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DA 18-0076 01/29/2019 IN THE SUPREME COURT OF THE STATE OF MONTANA 2019 MT 20 Case Number: DA 18-0076 IN RE DISTRIBUTION OF THE PINE CREEK FIRE SETTLEMENT PROCEEDS: KEVIN FUNK, COURTNEY FUNK, AVIS FUNK, KF TRUCK SALES, SCOTT PITMAN, and SUSAN PITMAN, Appellants, v. ANN WILCOX, individually, and STEPHEN ANTHONY CHILDS and SUSAN H. CHILDS, as co-trustees for the STEPHEN ANTHONY CHILDS AND SUSAN H. CHILDS FAMILY TRUST, as co-trustees for the SAMANTHA ATHERTON CHILDS TRUST, and as co-trustees for the ASHLEY AGADEZ CHILDS TRUST, Appellees. APPEAL FROM: District Court of the Sixth Judicial District, In and For the County of Park, Cause No. DV-14-36 Honorable Brenda Gilbert, Presiding Judge COUNSEL OF RECORD: For Appellants: Jami Rebsom, Jami Rebsom Law Office, P.L.L.C., Livingston, Montana For Appellees: A. Clifford Edwards, A. Christopher Edwards, Edwards, Frickle & Culver, Billings, Montana Submitted on Briefs: September 26, 2018 Decided: January 29, 2019 Filed: cir-641.—if __________________________________________ Clerk Justice Laurie McKinnon delivered the Opinion of the Court. ¶1 This appeal concerns the distribution of settlement proceeds that arose out of litigation regarding the August 2012 Pine Creek Fire. Pursuant to M. R. App. P. 2(4), we have amended the caption to more accurately reflect the actual alignment and status of the parties. ¶2 Kevin and Courtney Funk, et al. (Funks), along with Scott and Susan Pitman (Pitmans), appeal an order from the Sixth Judicial District Court, Park County, approving the Special Master’s recommendation for allocating the Pine Creek Fire settlement proceeds among the Funks; Pitmans; Ann Wilcox, et al. (Wilcoxes); and four other plaintiffs. We affirm. ¶3 We restate and address the following issue on appeal: Did the District Court clearly err by adopting the Special Master’s factual finding that the Wilcoxes lost 60 acres of forested land during the Pine Creek Fire? FACTUAL AND PROCEDURAL BACKGROUND ¶4 In August 2012, a forest fire (Pine Creek Fire) broke out near the small community of Pine Creek, ravaging thousands of acres of vegetation and decimating numerous residents’ properties. Seeking to recover damages for injuries the Pine Creek Fire caused, the Funks, Pitmans, Wilcoxes, and four other property owners all brought claims against multiple defendants whose negligence, they alleged, ignited the fire. ¶5 The District Court appointed a settlement master and ordered all parties to attend a settlement conference, after which the parties agreed to a settlement. Because the settlement proceeds could not cover all the plaintiffs’ damages, the District Court appointed 2 a Special Master, and each of the property owners—including the Funks, Pitmans, and Wilcoxes—agreed to submit allocation of the settlement proceeds to him. ¶6 The Special Master received information and exhibits in support of each plaintiff’s claims for damages. Certified arborist Tom Yelvington (Yelvington) assisted many of the plaintiffs by estimating the cost to restore the burned vegetation on their properties. Yelvington calculated these restoration costs by determining the costs to remove burned trees and vegetation, purchase replacement trees and vegetation, transport and plant the replacement trees and vegetation, and water and care for the trees and vegetation to ensure their survival. Because many plaintiffs lost hundreds—and sometimes thousands—of trees to the Pine Creek Fire, restoration damages often made up the majority of their total damages claims. The Special Master remarked that the sizable restoration damages claims substantially drove his apportionment of the limited settlement funds. ¶7 The Wilcoxes submitted information to the Special Master that the Pine Creek Fire burned 60 acres of forested land—over 18,500 trees—on their 104 acres of property. Yelvington counted burned trees in two scorched acres representative of the average tree density throughout the Wilcoxes’ property. Using the average count of burned trees between the two acres, Yelvington multiplied the average count with the Wilcoxes’ estimate that they lost 60 acres of forested land. Thus, Yelvington calculated the Wilcoxes lost over 18,500 trees. Yelvington then used this value to estimate the cost to restore the trees on the Wilcoxes’ property as $21,612,938. After reviewing the Wilcoxes’ total claims for damages, the Special Master found the Wilcoxes were entitled to a total of $21,734,605 in damages. 3 ¶8 The Pitmans own a 10.5-acre property. They submitted information that the Pine Creek Fire destroyed extensive vegetation on their property, numerous personal items, and a barn containing an art studio. Applying the same methodology, Yelvington estimated the cost to restore the trees on the Pitmans’ property to be $612,258. After reviewing the Pitmans’ total claims, the Special Master found the Pitmans were entitled to $1,074,908 in damages. ¶9 The Funks own an 18.6-acre property. The information they submitted demonstrated the Pine Creek Fire destroyed business equipment, numerous outbuildings and vehicles, and extensive vegetation. Yelvington did not personally inspect the Funks’ property like he had the other plaintiffs’, but he used photographs from the Funks, comparable data from neighboring properties (including the Wilcoxes), and the same methodology he used with other properties to estimate the cost to replace the coniferous trees on the Funks’ property to be $5,905,749. Thomas Ryan, another vegetation expert, estimated the cost to replace the non-coniferous plants on the Funks’ property to be $1,475,500. Together, these figures represented a claim for $7,381,249 in restoration damages. The Special Master expressed concern that, because neither Yelvington, Thomas Ryan, nor any other expert had physically visited the Funks’ property, the proof submitted by the Funks in support of their restoration damages was “not on a par” with that submitted by other plaintiffs. Notwithstanding, the Special Master accepted the estimates from Yelvington and Ryan and found the Funks were entitled to $7,706,171 in total damages. ¶10 The Special Master found the total value of all the plaintiffs’ damages to be over $32 million. The total value of restoration damages was just under $31 million, making up 4 the lion’s share of the overall value—nearly 95%. Of the total settlement funds, the Special Master awarded approximately 66% to the Wilcoxes, 24% to the Funks, and 3% to the Pitmans. ¶11 The Funks and Pitmans separately objected to the Special Master’s recommendation in the District Court. They both claimed the Special Master erred by overvaluing the Wilcoxes’ claim for restoration damages, which was based on Yelvington’s assessment and the Wilcoxes’ assertion that they lost 60 forested acres in the fire. In support of their objections, they included an affidavit from Bernard Hallin (Hallin), a professional land surveyor who researched the Wilcoxes’ property using Google Earth imaging tools—a common and accurate application used in the surveying field—and concluded the Wilcoxes lost only 22.8 acres of mature pine forest. In response, the Wilcoxes questioned the accuracy of Hallin’s Google Earth images and research. They supplied tax assessment records indicating they owned approximately 63 acres of marketable timber. Further, John Wilcox, Ann Wilcox, and John Melin (Melin), an individual helping the Wilcoxes clear dead trees from their property, each supplied an affidavit stating that the Wilcoxes lost approximately 60 acres of forested land in the Pine Creek Fire. The District Court ordered further review of the issue, and the Special Master held an evidentiary hearing. ¶12 Hallin testified on behalf of the Funks and Pitmans. Hallin disagreed with the Wilcoxes’ assessment that the Pine Creek Fire burned 60 acres of forested land on their property. Using Google Earth images, he outlined a clearly decimated portion of the Wilcoxes’ property and calculated it contained 22.8 acres, which he found were the only acres that burned. However, on cross-examination, Hallin testified his estimate only 5 included burned, mature coniferous trees that were completely decimated by the fire—trees he considered “merchantable timber.” He stated, “I was only looking at mature coniferous forest that was . . . marketable timber that was decimated.” He did not include other species of trees like cottonwoods; smaller, immature coniferous trees; still-living, fire-damaged trees that would die within the next few years; or fire-damaged and dead trees interspersed with healthy trees on other parts of the property. ¶13 Yelvington testified on behalf of the Wilcoxes and reaffirmed his earlier methods of estimating the total burned trees on the Wilcoxes’ property. In his calculation of burned acreage, Yelvington included coniferous and non-coniferous trees; trees that were completely decimated or dead because of the fire; trees that would die within one to five years because of the fire; and immature trees with at least a diameter of one or more inches. He stated some trees had severely burned trunks and would eventually die as a result of the fire, yet many of their upper branches still appeared green. He further testified a Google Earth aerial image of these severely damaged trees would incorrectly show they were alive and healthy. ¶14 John Wilcox affirmed that he had almost forty years of experience with the property. He testified that the Google Earth images Hallin used to estimate the burned acres of mature coniferous trees omitted large sections of the property. Referring to the portions of the property the Google Earth images did show, John outlined large groups of trees that had since died because of fire damage even though Hallin considered them alive based on the aerial images. He agreed the tax assessment indicated the property had around 63 acres of marketable timber, but he estimated the property contained between 75 and 80 acres of total 6 tree coverage. He estimated the fire damaged 80% of that total—around 60 acres—stating, “the place looked like the moon after the fire.” ¶15 Ann Wilcox also testified that while the tax assessment indicated about 63 acres of marketable timber on her property, she estimated there was about 80 acres of total tree coverage. Ann reviewed several photographs she and John took of sections of the property with burned trees that Hallin failed to include in his estimate of burned acreage based on the Google Earth images. She explained that many trees in the photographs had severely burned trunks but still appeared green on top. She testified that when looking at the treetops from above, it appeared as though some otherwise fire-damaged trees were green and healthy, but “when you walk it, get on the ground, this is what you see, there are green trees in there, but there [are] a lot of dead ones everywhere.” ¶16 Finally, Melin, who had been clearing dead trees from the Wilcoxes’ property since the Pine Creek Fire, testified. Melin stated he was familiar with determining acreage and using surveys because of his experience with ranching, fencing, and construction. On cross-examination, Melin testified that while he had not counted individual trees removed or remaining on the property, he believed he had removed more trees than were left and that many burned trees remained. He further testified the Wilcoxes lost 60 total forested acres to the Pine Creek Fire. ¶17 The Special Master issued a supplemental report upholding his prior recommendations to the District Court for dividing the settlement proceeds among the plaintiffs. While the Special Master maintained Hallin was a highly qualified land surveyor, he found Hallin underestimated the extent the Pine Creek Fire damaged the trees 7 on the Wilcoxes’ property. The Special Master found: (1) Hallin improperly limited the scope of his review to mature and marketable timber whereas Yelvington’s approach included burned trees with diameters as small as one to four inches; (2) Hallin failed to include non-coniferous trees like cottonwoods in his analysis; and (3) Hallin did not include trees that were dead or dying but not wholly decimated on other parts of the property. The Special Master found Hallin’s limited analysis underestimated the full restoration cost for the Wilcoxes’ property while Yelvington’s approach analyzed all trees, regardless of species, size, or level of damage. Further, he noted the Wilcoxes’ familiarity with their property and their testimonial, photographic, and documentary evidence in support of their claim that they lost 60 acres of forested land during the Pine Creek Fire. Therefore, the Special Master found the Funks and Pitmans failed to show he incorrectly used the Wilcoxes’ 60-acre figure and Yelvington’s calculations when determining the Wilcoxes’ restoration damages. ¶18 The Funks and Pitmans objected to the Special Master’s supplemental report in District Court. The District Court held a hearing and heard oral argument about their objections. The District Court held the Special Master correctly interpreted the law for restoration damages and his findings were not clearly erroneous. The District Court denied the Funks’ and Pitmans’ objections and adopted the Special Master’s recommendations for allocating the settlement funds. The Funks and Pitmans appealed. STANDARD OF REVIEW ¶19 We apply the same standard of review to an adopted special master’s report that we do to any other district court order. Maloney v. Home & Inv. Ctr., Inc., 2000 MT 34, ¶ 28, 8 298 Mont. 213, 994 P.2d 1124. We review de novo whether a district court applied the correct standard of review to a special master’s findings of fact and conclusions of law. Maloney, ¶¶ 28-29. The district court must review the special master’s conclusions of law to determine whether they are correct. In re Eldorado Coop Canal Co., 2016 MT 94, ¶ 16, 383 Mont. 205, 369 P.3d 1034. Under M. R. Civ. P. 53(e)(2), in non-jury actions, “the [district] court must accept the master’s findings of fact unless clearly erroneous.” ¶20 A factual finding is clearly erroneous: (1) if it is not supported by substantial evidence; (2) if the trier of fact misapprehended the effect of the evidence; or (3) if we are left with a definite and firm conviction that a mistake has been made in light of the evidence as a whole. Eldorado Coop Canal Co., ¶ 17. “Substantial evidence is evidence which a reasonable mind might accept as adequate to support a conclusion, even if the evidence is weak or conflicting. It need not amount to a preponderance of the evidence, but it must be more than a scintilla.” Skelton Ranch, Inc. v. Pondera Cty. Canal & Reservoir Co., 2014 MT 167, ¶ 27, 375 Mont. 327, 328 P.3d 644. DISCUSSION ¶21 Preliminarily, we clarify the proper measure of restoration damages.1 Hallin testified multiple times he was looking only at burned marketable timber when reaching his 22.8-acre estimate. On appeal, the Funks and Pitmans have similarly stated the Wilcoxes failed to provide substantial evidence that they lost “60 acres of mature coniferous pine forest in the fire.” (Emphasis added.) However, Montana law does not The parties do not dispute whether the Wilcoxes are entitled to restoration damages. Instead, they dispute the restoration damages’ value. 1 9 limit restoration damages to replacing marketable timber: “The cost of restoring property to its pre-injury condition generally constitutes the appropriate measure of damages for temporary injuries.” Lampi v. Speed, 2011 MT 231, ¶ 24, 362 Mont. 122, 261 P.3d 1000. ¶22 In Lampi, a case that also involved restoration damages for a negligently-ignited forest fire, we did not limit restoration damages to Lampi’s coniferous trees, his marketable or merchantable timber, or his decimated trees alone. Instead, we held the fact finder must determine “what reasonable amount of damages would restore Lampi’s property to its pre-fire condition.” Lampi, ¶ 51 (emphasis added). Neither do we similarly limit the Wilcoxes’ damages here: the Wilcoxes are entitled to damages to restore their property to its pre-fire condition. Those damages encompass the costs to restore all trees damaged or decimated by the Pine Creek Fire, including immature, nonmarketable, and non-coniferous fire-damaged trees. ¶23 We turn now to the Funks’ and Pitmans’ contention that the District Court clearly erred by adopting the Special Master’s reports, recommendations, and findings. The Funks and Pitmans do not appear to dispute Yelvington’s method of calculating total trees needing replacement. Instead, they disagree with one of Yelvington’s inputs—the 60 acres of burned trees the Wilcoxes provided. They argue the Special Master speculated about the acreage because the Wilcoxes “did not provide any substantial evidence to support their claim that they lost 60 acres of mature coniferous pine forest.” Instead, they argue substantial evidence supports their view that the Wilcoxes actually lost 22.8 acres of coniferous timber. 10 ¶24 The Wilcoxes counter that Hallin’s 22.8-acre estimate omitted numerous burned trees that he should have included because he limited his estimate to decimated, marketable, mature coniferous timber. They also contend they corroborated their 60-acre estimate with supporting documentary and testimonial evidence, including tax assessment records, deeds, photographs depicting burned areas of their property not included in Hallin’s estimate, and testimony from John Wilcox, Ann Wilcox, and John Melin. ¶25 “[S]ubstantial evidence that is not mere guess or speculation” must support a judgment for damages. In re Marriage of Mease, 2004 MT 59, ¶ 42, 320 Mont. 229, 92 P.3d 1148. However, the law does not require mathematical precision: we will not deny recovery of damages, even if a party challenges their mathematical precision, “provided the evidence is sufficient to afford a reasonable basis for determining the specific amount awarded.” Mont. Petroleum Tank Release Comp. Bd. v. Crumleys, Inc., 2008 MT 2, ¶ 92, 341 Mont. 33, 174 P.3d 948 (quoting Hallenberg v. General Mills Operations, Inc., 2006 MT 191, ¶ 32, 333 Mont. 143, 141 P.3d 1216). ¶26 The Wilcoxes provided substantial evidence to support their claim that the Pine Creek Fire burned 60 acres of their forested land. In support of their assertion, they provided documentary, photographic, and testimonial evidence. John and Ann Wilcox both testified to having many decades’ experience and familiarity with the property. They provided photographs of burned trees from areas of the property that Hallin did not include in his 22.8-acre estimate. They introduced a property tax assessment that indicated the property contained about 63 acres of marketable timber, and they testified that the property contained between 75 and 80 acres of both marketable and nonmarketable trees—of which, 11 they estimated the Pine Creek Fire burned 80%, or about 60 acres. The Wilcoxes also provided testimony from Melin, who was familiar with determining acreage, using surveys, and assessing property boundaries. By the date of the parties’ evidentiary hearing, Melin had spent multiple years clearing debris and becoming familiar with the Wilcoxes’ property. He also testified he believed the Wilcoxes lost 60 acres of forested land to the Pine Creek Fire. ¶27 The Funks and Pitmans point to Mease to bolster their argument that the Wilcoxes’ damages are speculative. In Mease, we stated “[p]roof of damages must consist of a reasonable basis for computation and the best evidence obtainable under the circumstances which will enable a judge to arrive at a reasonably close estimate of the loss.” Mease, ¶ 42. There, the petitioner, without documentation to prove his claim, “simply testified that he suffered approximately $1,700 in damage to his credit when he took out two car loans.” Mease, ¶ 42. We held the petitioner’s claim was speculative because the petitioner himself said the value was approximate and he could have easily produced documentation of the damage to his credit. Mease, ¶ 42. ¶28 Unlike Mease, documentation of the Wilcoxes’ burned acreage was difficult to produce. Due to the nature and extent of the Pine Creek Fire, expecting the Wilcoxes to count and document every individual burned tree on over one hundred acres of property would be onerous. The Wilcoxes instead hired an expert arborist who used thorough on-site appraisal procedures—widely accepted in his field—to evaluate the cost to restore the Wilcoxes’ property. The Wilcoxes were intimately familiar with the property itself, 12 and they provided corroborating documentary, photographic, and testimonial evidence to prove the size of their property, the acres of trees on it, and the burned acreage they lost. ¶29 The Funks and Pitmans assert Hallin’s 22.8-acre estimate proves the Wilcoxes’ estimate is unsupported by substantial evidence, yet the Wilcoxes showed Hallin’s estimate contains several irregularities. Most prominently, Hallin only included mature, marketable coniferous timber in his calculation. Even so, the Funks and Pitmans were free to challenge the Wilcoxes’ claimed damages with evidence of their own—which they did—but conflicting evidence does not establish clear error. See Anderson v. Deafenbaugh (In re G.J.A.), 2014 MT 215, ¶ 23, 376 Mont. 212, 331 P.3d 835; Skelton Ranch, Inc., ¶ 27. “When a reader reasonably can deduce two or more inferences from the facts, the reviewing court lacks power to substitute its deductions for those of the finder of fact.” Anderson, ¶ 23 (quoting Weinheimer Ranch v. Pospisil, 2013 MT 87, ¶ 19, 369 Mont. 419, 299 P.3d 327). Ultimately, only the fact finder measures credibility and assigns weight to evidence. The Special Master found the Wilcoxes’ evidence to be more reliable, a finding of fact we conclude substantial evidence supports. ¶30 Furthermore, we do not hold the Special Master misapprehended the effect of the Wilcoxes’ evidence. Yelvington certainly tied his restoration damages estimate to the Wilcoxes’ 60-acre estimate, but substantial evidence supports the Wilcoxes’ estimate. We cannot conclude the Special Master misapprehended the evidence merely by his finding one party’s evidence more persuasive than the other’s. The Special Master also notably relied on the same expert arborist and the same method for calculating restoration damages 13 when he evaluated both the Funks’ and Pitmans’ claims. Across each of these claims, the evidence was similar and its effect nearly the same. ¶31 Finally, in light of the evidence as a whole, we are not left with a definite and firm conviction that the Special Master made a mistake. The Wilcoxes provided substantial evidence supporting their claim for restoration damages, the Special Master approached each plaintiff’s claim using the same methods and evaluation, and the Funks’ and Pitmans’ alternative estimate of the Wilcoxes’ burned acreage fails to include many damaged trees that a court should otherwise include in a claim for restoration damages. The Special Master did not clearly err by finding the Wilcoxes lost 60 acres of forested land to the Pine Creek Fire. CONCLUSION ¶32 The Special Master correctly sought to find the cost to restore the Wilcoxes’ property to its pre-injury condition, not simply the cost to replace their marketable timber. Likewise, substantial evidence supports the Wilcoxes’ claim for damages. The Special Master did not commit a clear error, even in light of conflicting evidence, by finding the Wilcoxes lost 60 acres of forested land during the Pine Creek Fire. The District Court correctly upheld the Standing Master’s legal conclusions and factual findings. Accordingly, we affirm. /S/ LAURIE McKINNON We concur: /S/ MIKE McGRATH /S/ INGRID GUSTAFSON /S/ BETH BAKER /S/ JIM RICE 14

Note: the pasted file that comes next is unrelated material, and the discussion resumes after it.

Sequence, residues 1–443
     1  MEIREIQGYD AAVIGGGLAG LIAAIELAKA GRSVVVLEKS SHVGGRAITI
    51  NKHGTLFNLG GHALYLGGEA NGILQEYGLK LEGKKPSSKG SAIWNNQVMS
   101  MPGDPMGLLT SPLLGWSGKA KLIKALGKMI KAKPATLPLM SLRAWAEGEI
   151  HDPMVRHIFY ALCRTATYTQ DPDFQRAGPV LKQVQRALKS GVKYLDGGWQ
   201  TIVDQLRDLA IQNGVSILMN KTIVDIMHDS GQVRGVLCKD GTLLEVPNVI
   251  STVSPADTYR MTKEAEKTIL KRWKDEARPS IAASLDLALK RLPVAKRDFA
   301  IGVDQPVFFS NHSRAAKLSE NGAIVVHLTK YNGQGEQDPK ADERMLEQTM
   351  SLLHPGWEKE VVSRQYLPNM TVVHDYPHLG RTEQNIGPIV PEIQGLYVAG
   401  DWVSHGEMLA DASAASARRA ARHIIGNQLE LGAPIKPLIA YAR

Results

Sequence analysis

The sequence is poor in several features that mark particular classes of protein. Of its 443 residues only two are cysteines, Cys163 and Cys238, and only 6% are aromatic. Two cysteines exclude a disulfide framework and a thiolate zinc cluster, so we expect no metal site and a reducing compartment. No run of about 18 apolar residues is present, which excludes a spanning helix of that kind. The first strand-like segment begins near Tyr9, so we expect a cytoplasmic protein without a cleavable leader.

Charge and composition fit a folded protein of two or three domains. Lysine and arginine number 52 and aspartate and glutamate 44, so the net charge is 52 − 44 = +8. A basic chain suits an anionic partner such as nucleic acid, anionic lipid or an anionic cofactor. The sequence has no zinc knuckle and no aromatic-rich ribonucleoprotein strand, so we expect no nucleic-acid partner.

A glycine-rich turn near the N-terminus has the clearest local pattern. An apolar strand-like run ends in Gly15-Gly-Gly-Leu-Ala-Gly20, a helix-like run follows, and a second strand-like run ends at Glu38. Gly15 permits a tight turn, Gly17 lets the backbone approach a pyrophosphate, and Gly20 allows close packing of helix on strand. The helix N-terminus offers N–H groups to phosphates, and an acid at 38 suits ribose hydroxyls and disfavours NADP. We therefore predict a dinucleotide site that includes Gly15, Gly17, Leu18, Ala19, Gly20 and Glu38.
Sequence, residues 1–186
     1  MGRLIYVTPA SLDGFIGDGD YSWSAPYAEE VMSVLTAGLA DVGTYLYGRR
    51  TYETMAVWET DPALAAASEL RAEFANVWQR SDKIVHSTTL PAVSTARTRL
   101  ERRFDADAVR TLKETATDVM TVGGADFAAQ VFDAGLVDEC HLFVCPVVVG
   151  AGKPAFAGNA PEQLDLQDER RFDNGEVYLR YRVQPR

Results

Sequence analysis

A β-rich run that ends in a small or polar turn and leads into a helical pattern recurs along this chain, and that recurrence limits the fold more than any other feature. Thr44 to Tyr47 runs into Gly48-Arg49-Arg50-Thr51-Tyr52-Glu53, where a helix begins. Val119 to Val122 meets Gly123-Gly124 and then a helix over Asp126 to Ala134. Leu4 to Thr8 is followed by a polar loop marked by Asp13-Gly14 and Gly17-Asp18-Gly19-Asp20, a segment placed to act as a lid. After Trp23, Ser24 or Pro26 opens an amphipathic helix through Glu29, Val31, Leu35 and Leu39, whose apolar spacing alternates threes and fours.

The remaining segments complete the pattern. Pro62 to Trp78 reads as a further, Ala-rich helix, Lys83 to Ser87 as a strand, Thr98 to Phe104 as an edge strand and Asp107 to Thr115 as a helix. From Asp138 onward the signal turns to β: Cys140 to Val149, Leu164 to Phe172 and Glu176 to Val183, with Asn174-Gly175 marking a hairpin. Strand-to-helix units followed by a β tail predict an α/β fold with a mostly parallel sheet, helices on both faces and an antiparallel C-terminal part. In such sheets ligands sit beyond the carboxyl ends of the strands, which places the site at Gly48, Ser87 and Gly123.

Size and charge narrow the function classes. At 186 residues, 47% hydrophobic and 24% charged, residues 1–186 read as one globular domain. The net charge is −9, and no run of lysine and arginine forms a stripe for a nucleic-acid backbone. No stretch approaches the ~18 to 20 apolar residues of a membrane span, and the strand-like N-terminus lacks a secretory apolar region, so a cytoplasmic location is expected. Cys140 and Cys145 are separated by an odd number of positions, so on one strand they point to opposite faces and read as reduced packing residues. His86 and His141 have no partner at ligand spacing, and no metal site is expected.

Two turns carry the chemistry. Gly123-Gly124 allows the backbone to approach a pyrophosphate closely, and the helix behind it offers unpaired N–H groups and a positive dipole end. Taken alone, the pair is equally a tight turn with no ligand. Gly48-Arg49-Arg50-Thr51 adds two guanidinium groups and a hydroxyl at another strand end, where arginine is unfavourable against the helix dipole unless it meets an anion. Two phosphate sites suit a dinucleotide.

Primary Holding

In this dispute over the distribution of settlement proceeds that arose out of litigation regarding the Pine Creek Fire in August 2012, the Supreme Court affirmed the order of the district court approving the special master’s recommendation for allocating the Pine Creek Fire settlement proceeds among the Funks, the Pitmans, the Wilcoxes, and four other plaintiffs, holding that the district court d